World News Brief, Friday May 11

Two bomb blasts in Damascus kill 55 and wound over 300; Chinese have detained two relatives of Chen Guangcheng; US has approved plans for three Chinese banks to expand presence in US; Sudan launches air strikes over South Sudan, violates UN resolution; and more

Top of the Agenda: Deadly Blasts in Damascus

Two bomb blasts near Syrian intelligence headquarters in Damascus killed at least fifty-five people (al-Jazeera) and wounded over three hundred today, Syrian officials and state media said. Norwegian Maj. Gen. Robert Mood--the chief of the UN mission in Syria overseeing a deteriorating UN-Arab League cease-fire--rushed to the site of the explosions, where he called on Syrians and the international community to "stop this violence." Meanwhile, Syrian troops resumed a crackdown on the restive city of Homs overnight (BBC), according to opposition activists.


"Are they idealistic freedom fighters with humanistic principles? Or are they religious fundamentalists with the veiled goal of trampling other religious groups underfoot? The questions are crucial, because determining the true colors of the Free Syrian Army will then determine whether a hesitating world will ultimately intervene in favor of Assad's opponents," writes Tobias Havmand for the Daily Beast.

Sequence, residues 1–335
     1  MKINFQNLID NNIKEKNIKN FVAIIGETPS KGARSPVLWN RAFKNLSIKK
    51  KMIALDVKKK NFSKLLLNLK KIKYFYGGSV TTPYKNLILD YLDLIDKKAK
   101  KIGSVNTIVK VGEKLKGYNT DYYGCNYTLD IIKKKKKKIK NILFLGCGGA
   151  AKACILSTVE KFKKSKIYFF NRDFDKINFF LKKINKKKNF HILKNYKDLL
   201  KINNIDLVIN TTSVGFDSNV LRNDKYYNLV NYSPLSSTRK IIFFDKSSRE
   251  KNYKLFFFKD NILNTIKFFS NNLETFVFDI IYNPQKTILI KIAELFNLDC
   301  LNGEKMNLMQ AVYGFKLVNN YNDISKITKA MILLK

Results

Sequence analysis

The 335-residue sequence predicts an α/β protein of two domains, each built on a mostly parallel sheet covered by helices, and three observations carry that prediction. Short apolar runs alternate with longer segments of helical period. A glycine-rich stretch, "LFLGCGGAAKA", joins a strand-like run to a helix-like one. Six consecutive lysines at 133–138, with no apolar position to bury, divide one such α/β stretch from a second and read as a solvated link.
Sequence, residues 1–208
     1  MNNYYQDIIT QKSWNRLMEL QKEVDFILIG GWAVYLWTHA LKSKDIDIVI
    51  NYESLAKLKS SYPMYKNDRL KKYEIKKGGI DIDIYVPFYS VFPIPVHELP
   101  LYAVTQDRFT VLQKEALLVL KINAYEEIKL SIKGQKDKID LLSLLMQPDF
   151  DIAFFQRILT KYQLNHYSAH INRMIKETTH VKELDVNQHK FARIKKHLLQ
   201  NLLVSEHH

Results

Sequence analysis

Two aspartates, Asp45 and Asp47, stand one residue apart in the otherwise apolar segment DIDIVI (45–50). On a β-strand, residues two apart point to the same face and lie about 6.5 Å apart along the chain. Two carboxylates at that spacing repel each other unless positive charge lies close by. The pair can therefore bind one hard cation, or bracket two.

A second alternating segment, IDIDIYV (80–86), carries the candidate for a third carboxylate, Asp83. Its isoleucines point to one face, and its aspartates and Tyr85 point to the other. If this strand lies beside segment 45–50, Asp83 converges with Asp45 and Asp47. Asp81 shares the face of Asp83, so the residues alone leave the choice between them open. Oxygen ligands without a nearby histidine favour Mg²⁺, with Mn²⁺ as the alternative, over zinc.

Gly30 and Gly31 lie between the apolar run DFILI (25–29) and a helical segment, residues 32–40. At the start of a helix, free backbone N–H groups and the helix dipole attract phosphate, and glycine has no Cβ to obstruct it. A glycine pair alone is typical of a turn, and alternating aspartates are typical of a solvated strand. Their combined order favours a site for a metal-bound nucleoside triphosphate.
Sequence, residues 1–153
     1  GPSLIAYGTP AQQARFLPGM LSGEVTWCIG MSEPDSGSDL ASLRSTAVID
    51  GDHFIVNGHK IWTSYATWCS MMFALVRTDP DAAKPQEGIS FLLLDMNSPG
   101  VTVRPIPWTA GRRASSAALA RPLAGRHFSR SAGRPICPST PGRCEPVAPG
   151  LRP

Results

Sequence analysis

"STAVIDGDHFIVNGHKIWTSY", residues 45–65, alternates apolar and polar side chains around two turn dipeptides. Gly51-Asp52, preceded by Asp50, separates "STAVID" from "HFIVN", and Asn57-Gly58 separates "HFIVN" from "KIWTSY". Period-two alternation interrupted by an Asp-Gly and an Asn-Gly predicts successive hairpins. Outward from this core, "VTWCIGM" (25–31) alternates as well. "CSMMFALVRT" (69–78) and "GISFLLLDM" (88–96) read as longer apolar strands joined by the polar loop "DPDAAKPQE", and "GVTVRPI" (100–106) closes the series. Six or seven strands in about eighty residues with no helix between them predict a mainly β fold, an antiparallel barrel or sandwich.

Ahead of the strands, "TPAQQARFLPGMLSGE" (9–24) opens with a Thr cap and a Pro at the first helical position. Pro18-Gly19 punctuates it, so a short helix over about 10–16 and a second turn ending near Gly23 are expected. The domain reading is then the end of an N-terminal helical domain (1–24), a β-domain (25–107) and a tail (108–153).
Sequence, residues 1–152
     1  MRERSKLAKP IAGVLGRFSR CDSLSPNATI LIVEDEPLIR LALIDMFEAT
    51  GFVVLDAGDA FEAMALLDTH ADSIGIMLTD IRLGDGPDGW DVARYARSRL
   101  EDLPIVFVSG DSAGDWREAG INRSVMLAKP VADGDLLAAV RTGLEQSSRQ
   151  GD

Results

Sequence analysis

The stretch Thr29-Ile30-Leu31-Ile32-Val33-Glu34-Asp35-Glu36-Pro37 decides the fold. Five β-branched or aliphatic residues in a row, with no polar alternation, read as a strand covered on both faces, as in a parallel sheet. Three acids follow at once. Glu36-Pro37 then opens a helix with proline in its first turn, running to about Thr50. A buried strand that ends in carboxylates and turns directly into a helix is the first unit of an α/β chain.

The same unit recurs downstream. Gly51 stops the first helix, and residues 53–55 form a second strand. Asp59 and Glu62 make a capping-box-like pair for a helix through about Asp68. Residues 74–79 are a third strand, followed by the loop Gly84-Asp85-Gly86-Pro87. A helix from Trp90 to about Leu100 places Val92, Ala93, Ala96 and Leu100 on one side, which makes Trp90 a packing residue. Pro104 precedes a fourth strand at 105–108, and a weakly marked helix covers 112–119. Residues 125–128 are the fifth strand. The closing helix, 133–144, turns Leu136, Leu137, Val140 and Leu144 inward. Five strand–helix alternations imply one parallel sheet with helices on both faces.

"The administration's unprecedented verbal and written sorties against the Assad regime have included some of the most powerful adjectives, adjectival intensifiers and adverbs ever aimed at an American foe. This campaign has helped Syrians understand, among other things, that the English language contains many synonyms for 'repulsive,'" writes Jeffrey Goldberg for Bloomberg.

"But it's not exactly the change the Syrian opposition and a broad swath of international leaders want. They have called on Assad to step down, and have roundly dismissed the elections as little more than political theater, an orchestrated show with a veneer of democracy overlaying the regime's fiercely autocratic core," writes TIME's Rania Abouzeid.



Chinese Dissident Accuses Government of Reprisals

Local Chinese officials in Shandong province have detained two relatives of dissident Chen Guangcheng and harassed others in reprisals for his escape from house arrest last month, Chen and his lawyer told Reuters today. Chen is expected to study in the United States under a deal brokered between U.S. and Chinese officials.

At a diplomatic level, the case of Chen revealed determination by Beijing and Washington to maintain stable ties, says CFR's Elizabeth C. Economy in this CFR Interview.

CHINA: The U.S. Federal Reserve yesterday approved plans by three state-backed Chinese banks to expand their presence in the United States (WSJ). The decision comes a week after China agreed to allow foreign firms to own larger stakes in Chinese brokerage firms.



Satellite imagery shows signs of cleanup at Iranian nuclear site

Sudan violates UN resolution


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